Oct. 17, 2005--The U.S. Small Business Administration is relaxing certain requirements to speed up the application process for emergency disaster loans, the agency announced Thursday.
The move comes a week after a congressional hearing in which small business owners complained of costly delays more than a month after Hurricane Katrina tore through the Gulf Coast region.
Last week, the agency responded by waiving the need for businesses to submit three years' worth of tax returns when applying for the loans. The SBA said it would henceforth access income tax transcripts from the IRS to verify a business owners' income.
"Relaxing some of the loan processing criteria will ease the approval process, allowing business owners to rebuild more quickly and lay the foundation for the revival of the region's economy," said SBA Administrator Hector Barreto.
Business owners will also no longer have to provide a monthly sales analysis from the past three years.
In addition, title and record searches, which were required for all loan disbursements over $25,000, will now only be required for those exceeding $50,000, the SBA said.
Last Friday in Washington, Barreto defended the agency's efforts amid complaints by local business owners, senators and members of Congress that the process marred in bureaucracy.
Some five weeks after the Bush Administration declared much of the Gulf Coast region an official disaster zone, government records showed, just 661 of 66,819 loan applications had been approved. Of these, accounting for about 1% of all applications, the agency had cut only a few dozen checks worth some $207,000 for homes and small businesses alike.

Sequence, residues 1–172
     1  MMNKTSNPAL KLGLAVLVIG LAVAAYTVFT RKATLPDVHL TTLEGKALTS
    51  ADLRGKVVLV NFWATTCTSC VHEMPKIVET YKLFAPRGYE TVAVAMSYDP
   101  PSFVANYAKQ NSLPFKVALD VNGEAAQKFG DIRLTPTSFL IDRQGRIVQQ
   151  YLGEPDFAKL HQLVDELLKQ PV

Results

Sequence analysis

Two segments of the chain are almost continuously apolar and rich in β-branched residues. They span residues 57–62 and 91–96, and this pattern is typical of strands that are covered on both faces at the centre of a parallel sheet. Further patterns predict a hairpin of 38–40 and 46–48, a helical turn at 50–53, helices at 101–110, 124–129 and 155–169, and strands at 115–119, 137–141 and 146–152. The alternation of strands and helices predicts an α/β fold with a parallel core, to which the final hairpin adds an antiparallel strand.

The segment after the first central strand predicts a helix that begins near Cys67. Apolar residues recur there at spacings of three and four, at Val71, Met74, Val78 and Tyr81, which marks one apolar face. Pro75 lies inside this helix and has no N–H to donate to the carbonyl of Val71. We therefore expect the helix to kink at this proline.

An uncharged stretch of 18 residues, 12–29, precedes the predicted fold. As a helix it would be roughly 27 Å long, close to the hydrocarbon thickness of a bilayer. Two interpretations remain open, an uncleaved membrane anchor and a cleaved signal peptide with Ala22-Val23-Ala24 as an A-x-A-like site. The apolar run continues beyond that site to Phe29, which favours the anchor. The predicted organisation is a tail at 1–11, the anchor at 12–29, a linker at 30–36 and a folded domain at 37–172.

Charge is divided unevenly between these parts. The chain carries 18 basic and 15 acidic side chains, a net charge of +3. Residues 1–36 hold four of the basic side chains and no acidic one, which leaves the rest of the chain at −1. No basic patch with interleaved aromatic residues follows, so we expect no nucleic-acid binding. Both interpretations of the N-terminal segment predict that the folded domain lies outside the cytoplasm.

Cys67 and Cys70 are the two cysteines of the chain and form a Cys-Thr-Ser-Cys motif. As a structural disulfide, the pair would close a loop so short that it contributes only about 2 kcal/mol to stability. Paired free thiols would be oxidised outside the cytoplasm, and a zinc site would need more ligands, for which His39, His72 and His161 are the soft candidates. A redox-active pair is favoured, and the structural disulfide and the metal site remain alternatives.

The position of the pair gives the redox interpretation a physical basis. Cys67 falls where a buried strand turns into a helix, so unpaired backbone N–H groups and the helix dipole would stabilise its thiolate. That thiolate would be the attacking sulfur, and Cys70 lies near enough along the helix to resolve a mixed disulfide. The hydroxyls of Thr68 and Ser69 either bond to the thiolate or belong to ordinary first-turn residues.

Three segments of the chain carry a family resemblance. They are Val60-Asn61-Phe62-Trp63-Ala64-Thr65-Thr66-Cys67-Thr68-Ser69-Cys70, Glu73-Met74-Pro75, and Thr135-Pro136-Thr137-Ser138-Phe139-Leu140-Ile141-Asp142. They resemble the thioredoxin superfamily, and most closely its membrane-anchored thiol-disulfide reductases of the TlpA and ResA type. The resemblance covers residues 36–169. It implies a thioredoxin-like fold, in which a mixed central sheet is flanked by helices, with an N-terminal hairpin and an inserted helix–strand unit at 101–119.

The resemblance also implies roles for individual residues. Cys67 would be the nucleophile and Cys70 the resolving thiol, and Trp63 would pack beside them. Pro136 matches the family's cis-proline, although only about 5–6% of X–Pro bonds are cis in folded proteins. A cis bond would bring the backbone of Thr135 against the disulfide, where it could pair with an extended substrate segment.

Congresswoman Nydia Velazquez called that unacceptable.
"One month after Hurricane Katrina hit, virtually no small business that had been promised a loan actually received one," Velazquez, the ranking Democrat on the House Small Business Committee, said last week. "There is no excuse for such an inadequate response."
Barreto blamed delays on difficult working conditions caused by the devastating storm, saying the "disaster environment itself poses several challenges."
"In many cases our staff is unable to reach homes and businesses to verify losses, or they are unable to contact the applicant to schedule the site visit with them," Barreto said.
He also dismissed reports of glitches in the agency's new $23 million computer system, calling its former Automated Loan Control System cumbersome, unreliable and outdated. The new system, centralized in Forth Worth, Texas, with a back up processing office in Sacramento, California, is a "quicker, better process," he said.